Holly dumped her schoolbag on her desk, her coat over the chair, although what use it was to her now she wasn’t sure, and lay down on the bed, her feet hanging off the end. Safe. She burst into tears, and buried her head in her pillow.

What had she done to them? What had she done to deserve the name-calling every day? The snide comments. The notes stuck on her coat, or dropped in her hair. Her PE bag being messed about with, or come to that any of her belongings apparently being fair game.

If year eight had been bad, year nine was proving worse than she could have imagined. Her coat was the last straw. She didn’t want to go to school tomorrow. She would have to fake a stomach ache again, or maybe she would actually be sick and the school rules would prevent her returning for forty eight hours. Only if she did go, and showed the deputy her coat, would they take her seriously then? Would the school actually do something, and help her replace her coat before her Mum saw it? Even better, let her change her name? _Please? Back to what it was before the divorce would be an improvement!

The sound of the vacuum cleaner rose and fell as her Mum did the hall floor, going back and forth across Holly’s doorway. Then the door opened and it nosed its way in, clicking over the metal strip.
“Sorry Holly,” her Mum said, turning it off for a moment. “I didn’t hear you come in. Have you been here long? Would you like some tea?”

“Only a few minutes,” she lied. “I was feeling a bit queasy so I thought I would lie down until I felt better.”

“Is it your period again?” her Mum asked bluntly. Holly had started them earlier this year. “I’ll get you a hot water bottle if you like?”

“I’ll be okay,” Holly said, knowing a hot water bottle would be of no help whatsoever. “Maybe I’ll go and have that tea.”

“Okay, I’ll finish up here then. Don’t forget to hang your coat up, will you?”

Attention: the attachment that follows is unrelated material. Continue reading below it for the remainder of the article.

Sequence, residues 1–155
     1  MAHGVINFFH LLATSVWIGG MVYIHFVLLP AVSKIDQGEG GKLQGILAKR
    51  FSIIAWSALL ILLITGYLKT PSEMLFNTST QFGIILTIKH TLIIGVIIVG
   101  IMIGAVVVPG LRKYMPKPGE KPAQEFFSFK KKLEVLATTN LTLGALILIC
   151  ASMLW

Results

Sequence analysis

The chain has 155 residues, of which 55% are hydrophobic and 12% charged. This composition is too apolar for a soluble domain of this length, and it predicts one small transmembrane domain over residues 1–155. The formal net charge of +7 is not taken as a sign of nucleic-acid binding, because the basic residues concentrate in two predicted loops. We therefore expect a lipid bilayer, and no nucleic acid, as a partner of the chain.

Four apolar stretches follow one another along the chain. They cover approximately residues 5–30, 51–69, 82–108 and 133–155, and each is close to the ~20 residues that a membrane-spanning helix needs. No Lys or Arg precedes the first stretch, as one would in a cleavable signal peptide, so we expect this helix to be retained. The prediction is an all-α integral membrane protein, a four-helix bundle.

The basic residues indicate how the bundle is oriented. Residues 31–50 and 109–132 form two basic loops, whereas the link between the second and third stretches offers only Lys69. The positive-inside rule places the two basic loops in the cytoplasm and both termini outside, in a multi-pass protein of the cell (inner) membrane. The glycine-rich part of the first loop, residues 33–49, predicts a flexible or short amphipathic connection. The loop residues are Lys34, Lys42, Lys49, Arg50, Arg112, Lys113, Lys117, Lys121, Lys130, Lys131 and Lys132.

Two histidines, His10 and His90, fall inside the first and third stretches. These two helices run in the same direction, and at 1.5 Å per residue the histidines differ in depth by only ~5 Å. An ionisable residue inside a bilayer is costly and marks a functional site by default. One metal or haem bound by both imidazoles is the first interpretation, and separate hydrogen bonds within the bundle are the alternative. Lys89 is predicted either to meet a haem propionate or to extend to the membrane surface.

Holly grabbed the coat and headed back down the stairs, trying to work out if she was relieved or disappointed that her Mum hadn’t noticed the cuts in the back. Let’s face it, her Mum was pretty useless at dealing with problems right now. She would say she didn’t have time and could they talk later, which never came, or blame her Dad for walking out on them, or her work for not being flexible enough, or the landlord, or the neighbour, or just about anyone else who might be passing. She said they were a team, but actually Holly felt completely on her own most of the time.

She would have to go and see Mr Wilkins again, before school. Which meant she had to find a new battery for her alarm clock as her Mum didn’t always wake her up very early.


The phone rang as Holly sat cradling her hot chocolate. Realising her Mum was still busy upstairs, she went to answer it.

“Holly! How are you?”

“Dad? I haven’t heard from you for ages.”

“I know, and I’m sorry. I’ve been working down in Hampshire, crazy hours just like I told you, and whenever I’ve tried to phone I’ve only got your mother. But I’ve got you now, and I wanted to invite you to come and stay for half term. Must be coming up soon, unless your dates are different to here.”